After releasing the world’s most fascinating concept cars, Porsche mentioned in a recent report that they’re not interested in manufacturing self-driving vehicles. Better yet, they strongly believe that self-driving cars don’t stand a chance. Oliver Blume, CEO at Porsche, talked about the technology. He said that Porsche is not thinking of manufacturing or developing selfless vehicles. Blume insisted that people buy Porsche cars for the driving experience itself, and that they’re not teaming up any other company to focus on the driverless technology. Why? Basically, because when you’re buying an iPhone you want it to be in your pocket, not see it hit the road.
Can Porsche live up to the competition?
Porsche is not interested in making self-driving cars, and that’s a fact. But won’t that have a negative effect on sales? Other luxury car manufacturers like BMW and Mercedes are already releasing semi-autonomous systems with their newest models. By 2020, both BMW and Mercedes plan on pushing thing forward and include fully automated systems into their cars. It might seem strange that an automaker like Porsche doesn’t want to adapt and embrace selfless driving, but since we’re talking about a sports car company, it may make sense.
Porsche strongly believes that sports vehicles are manufactured to be driven manually. When people buy a Porsche, they also buy the experience. Drivers don’t want to get behind the wheel and see a Porsche 911 GT3 RS drive on its own; they want to feel that they’re doing something. Furthermore, manufacturer believes that a self-driving model won’t sell, and that it doesn’t fit the company’s goals and demands.
Self-driving cars are meant for people who are not enthusiastic drivers. Porsche vehicles are meant just for that; for the sheer pleasure of driving a car. But if it becomes autonomous, that pleasure vanishes, so there won’t be a reason to buy a Porsche anymore.
Porsche loves advanced technology, it just doesn’t fancy driverless technology
Porsche is up to date with all current tech trends, and believe it or not they’re highly interested in developing electric vehicles. By 2020, the manufacturers will be aiming to make all of its newest models hybrid vehicles. The famous Mission E concept car will most likely be released by 2020. In December 2015 Porsche said that it would rather invest $1 billion the manufacturing of production factories for Mission E rather than invest in driverless technology.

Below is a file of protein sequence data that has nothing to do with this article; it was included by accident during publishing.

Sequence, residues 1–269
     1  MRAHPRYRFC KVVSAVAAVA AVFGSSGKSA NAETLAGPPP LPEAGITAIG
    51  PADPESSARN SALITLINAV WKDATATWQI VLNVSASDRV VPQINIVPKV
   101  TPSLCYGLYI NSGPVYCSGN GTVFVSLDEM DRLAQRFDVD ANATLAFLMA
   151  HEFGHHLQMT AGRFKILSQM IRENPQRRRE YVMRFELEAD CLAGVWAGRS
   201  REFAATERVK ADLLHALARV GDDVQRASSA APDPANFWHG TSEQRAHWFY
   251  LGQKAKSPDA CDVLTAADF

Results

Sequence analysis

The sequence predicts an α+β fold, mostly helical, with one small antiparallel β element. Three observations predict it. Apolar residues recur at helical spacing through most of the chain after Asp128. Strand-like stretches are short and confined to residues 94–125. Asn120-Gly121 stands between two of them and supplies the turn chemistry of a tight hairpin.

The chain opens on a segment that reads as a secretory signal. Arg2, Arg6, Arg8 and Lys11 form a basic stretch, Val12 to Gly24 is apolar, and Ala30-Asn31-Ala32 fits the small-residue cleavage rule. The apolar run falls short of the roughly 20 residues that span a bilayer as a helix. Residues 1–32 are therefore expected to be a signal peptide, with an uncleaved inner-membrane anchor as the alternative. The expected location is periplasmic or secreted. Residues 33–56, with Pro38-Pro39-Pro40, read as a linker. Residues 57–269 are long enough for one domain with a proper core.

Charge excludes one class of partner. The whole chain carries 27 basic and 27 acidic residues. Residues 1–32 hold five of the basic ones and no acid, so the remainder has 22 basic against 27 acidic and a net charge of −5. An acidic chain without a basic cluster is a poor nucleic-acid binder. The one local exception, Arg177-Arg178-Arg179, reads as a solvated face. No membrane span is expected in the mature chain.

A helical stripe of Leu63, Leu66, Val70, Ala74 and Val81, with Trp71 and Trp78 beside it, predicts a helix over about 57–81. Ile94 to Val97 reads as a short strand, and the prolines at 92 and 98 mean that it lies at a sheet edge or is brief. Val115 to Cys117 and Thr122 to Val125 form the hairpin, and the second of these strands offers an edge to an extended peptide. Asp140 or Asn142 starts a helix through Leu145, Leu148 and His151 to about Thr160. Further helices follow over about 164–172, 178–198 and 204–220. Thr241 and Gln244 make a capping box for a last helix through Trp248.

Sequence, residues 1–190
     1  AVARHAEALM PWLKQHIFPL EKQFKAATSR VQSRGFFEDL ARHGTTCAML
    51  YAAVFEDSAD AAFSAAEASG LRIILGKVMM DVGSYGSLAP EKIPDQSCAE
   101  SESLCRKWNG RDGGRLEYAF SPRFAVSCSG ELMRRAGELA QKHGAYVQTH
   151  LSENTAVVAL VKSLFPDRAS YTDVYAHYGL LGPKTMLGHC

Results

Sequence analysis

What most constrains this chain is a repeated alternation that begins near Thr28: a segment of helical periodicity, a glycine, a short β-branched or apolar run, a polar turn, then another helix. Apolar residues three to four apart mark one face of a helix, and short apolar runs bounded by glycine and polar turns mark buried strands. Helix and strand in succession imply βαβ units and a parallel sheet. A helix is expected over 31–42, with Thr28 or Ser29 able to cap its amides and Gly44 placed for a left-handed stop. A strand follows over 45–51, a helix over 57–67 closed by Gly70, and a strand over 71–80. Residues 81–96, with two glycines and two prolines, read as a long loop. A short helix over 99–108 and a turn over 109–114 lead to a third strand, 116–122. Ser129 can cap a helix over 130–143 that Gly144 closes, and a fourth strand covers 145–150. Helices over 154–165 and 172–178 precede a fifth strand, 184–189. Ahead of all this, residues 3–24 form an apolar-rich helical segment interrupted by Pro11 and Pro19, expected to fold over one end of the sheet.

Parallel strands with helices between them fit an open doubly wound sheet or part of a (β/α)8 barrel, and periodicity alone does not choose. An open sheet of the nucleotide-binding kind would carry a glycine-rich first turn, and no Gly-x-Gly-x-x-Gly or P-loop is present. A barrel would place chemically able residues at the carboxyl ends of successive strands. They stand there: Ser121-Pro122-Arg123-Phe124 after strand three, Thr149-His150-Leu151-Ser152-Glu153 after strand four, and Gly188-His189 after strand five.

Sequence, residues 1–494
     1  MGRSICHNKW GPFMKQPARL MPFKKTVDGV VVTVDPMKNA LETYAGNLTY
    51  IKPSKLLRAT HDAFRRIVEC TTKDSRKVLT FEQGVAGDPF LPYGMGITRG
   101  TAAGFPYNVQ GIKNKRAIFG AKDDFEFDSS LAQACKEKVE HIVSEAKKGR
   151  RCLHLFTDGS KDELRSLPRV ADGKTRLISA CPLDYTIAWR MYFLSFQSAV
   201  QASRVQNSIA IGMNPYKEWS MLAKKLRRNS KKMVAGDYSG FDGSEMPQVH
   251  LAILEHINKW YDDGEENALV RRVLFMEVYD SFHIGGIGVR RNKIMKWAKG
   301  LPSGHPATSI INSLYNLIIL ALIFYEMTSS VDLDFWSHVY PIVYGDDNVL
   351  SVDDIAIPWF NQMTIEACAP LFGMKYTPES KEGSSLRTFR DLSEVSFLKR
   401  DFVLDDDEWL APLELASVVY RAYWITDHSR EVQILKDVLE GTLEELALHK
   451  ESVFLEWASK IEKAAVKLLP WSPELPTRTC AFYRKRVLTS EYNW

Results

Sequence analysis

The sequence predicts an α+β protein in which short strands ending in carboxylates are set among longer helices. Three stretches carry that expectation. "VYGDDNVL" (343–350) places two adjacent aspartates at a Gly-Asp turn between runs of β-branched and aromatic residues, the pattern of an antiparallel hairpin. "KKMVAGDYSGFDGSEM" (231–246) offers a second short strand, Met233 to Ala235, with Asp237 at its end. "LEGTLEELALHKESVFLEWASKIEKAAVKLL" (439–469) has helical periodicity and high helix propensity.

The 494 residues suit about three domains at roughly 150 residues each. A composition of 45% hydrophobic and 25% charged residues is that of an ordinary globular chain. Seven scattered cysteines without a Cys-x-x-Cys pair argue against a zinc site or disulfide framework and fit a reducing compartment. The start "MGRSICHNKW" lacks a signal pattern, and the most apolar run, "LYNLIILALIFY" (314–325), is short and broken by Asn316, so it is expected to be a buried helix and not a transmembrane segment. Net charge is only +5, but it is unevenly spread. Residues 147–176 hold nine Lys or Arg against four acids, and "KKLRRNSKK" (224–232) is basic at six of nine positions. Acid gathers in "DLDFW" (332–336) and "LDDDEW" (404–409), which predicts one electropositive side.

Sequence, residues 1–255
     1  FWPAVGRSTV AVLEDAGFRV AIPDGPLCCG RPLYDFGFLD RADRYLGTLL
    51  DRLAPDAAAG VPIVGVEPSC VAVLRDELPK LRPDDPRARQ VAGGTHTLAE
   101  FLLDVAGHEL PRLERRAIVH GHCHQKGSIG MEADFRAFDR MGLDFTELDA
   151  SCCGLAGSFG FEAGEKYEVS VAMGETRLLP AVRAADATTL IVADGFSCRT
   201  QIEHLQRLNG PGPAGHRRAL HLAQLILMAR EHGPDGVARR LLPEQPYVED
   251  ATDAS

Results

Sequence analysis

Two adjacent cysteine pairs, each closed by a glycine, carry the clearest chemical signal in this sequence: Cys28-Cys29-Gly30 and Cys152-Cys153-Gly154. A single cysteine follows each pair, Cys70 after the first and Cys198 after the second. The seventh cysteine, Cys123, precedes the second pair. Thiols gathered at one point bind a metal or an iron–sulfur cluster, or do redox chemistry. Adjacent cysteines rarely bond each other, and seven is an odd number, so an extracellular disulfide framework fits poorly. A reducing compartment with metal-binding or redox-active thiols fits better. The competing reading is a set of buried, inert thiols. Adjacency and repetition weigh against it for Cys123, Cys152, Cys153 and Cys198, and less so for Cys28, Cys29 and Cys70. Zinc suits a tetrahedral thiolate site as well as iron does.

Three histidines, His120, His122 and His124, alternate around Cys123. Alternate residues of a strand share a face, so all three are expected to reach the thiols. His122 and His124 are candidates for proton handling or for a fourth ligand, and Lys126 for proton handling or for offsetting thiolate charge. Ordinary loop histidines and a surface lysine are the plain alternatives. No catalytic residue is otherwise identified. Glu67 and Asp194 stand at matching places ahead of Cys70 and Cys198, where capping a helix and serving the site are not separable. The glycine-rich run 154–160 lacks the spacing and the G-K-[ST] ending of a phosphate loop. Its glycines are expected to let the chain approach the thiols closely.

Porsche has been building driver’s cars for ages, and the decision to ignore self-driving technology was not taken at random. In fact, the manufacturer adhere to a business mantra of its own and strongly believe that Porsche cars are meant to be driven; they’re not jewels you want to keep in a safe box and never use because of their high value, but rather luxury items you want to enjoy while on the road. Driverless technology takes away the pleasure of driving, and it totally breaks Porsche’s business model. Of course, this doesn’t mean it’s something they’ll never consider. Eventually they might produce it, but not right not and definitely not with the Mission E.
A premium sports car developer with a need for speed
Porsche prides with being a top-tier sports cars developer. The manufacturer is not necessarily a high-end developer that centers its attention on sheer luxury only. They want people to drive Porsches and not see Porsches drive by themselves. When choosing to invest in luxury, buyers go for Panameras, Cayennes and Macans. To some extent, Porsche is being a bit stubborn about driverless technology. But since they have a business model they adhere to, they want to stay true to that model.
Many people drive cars because they enjoy the experience, and Porsche is well aware that their customer base is mainly driver-centric. Even though their decision might affect the company sales (because some want Porsche to make driverless vehicles), this doesn’t meant they won’t be able to compete with BMW or Mercedes. Right now, Porsche is committed to making its cars electric. A 911 plug-in hybrid is estimated to hit the market by 2018. The company has many trump cars up its sleeve, so we shouldn’t estimate that it will be left behind. On the contrary, who knows maybe it will develop a technology that goes beyond the powers of a driverless vehicle?
By Alfred Stallion and Design911.co.uk!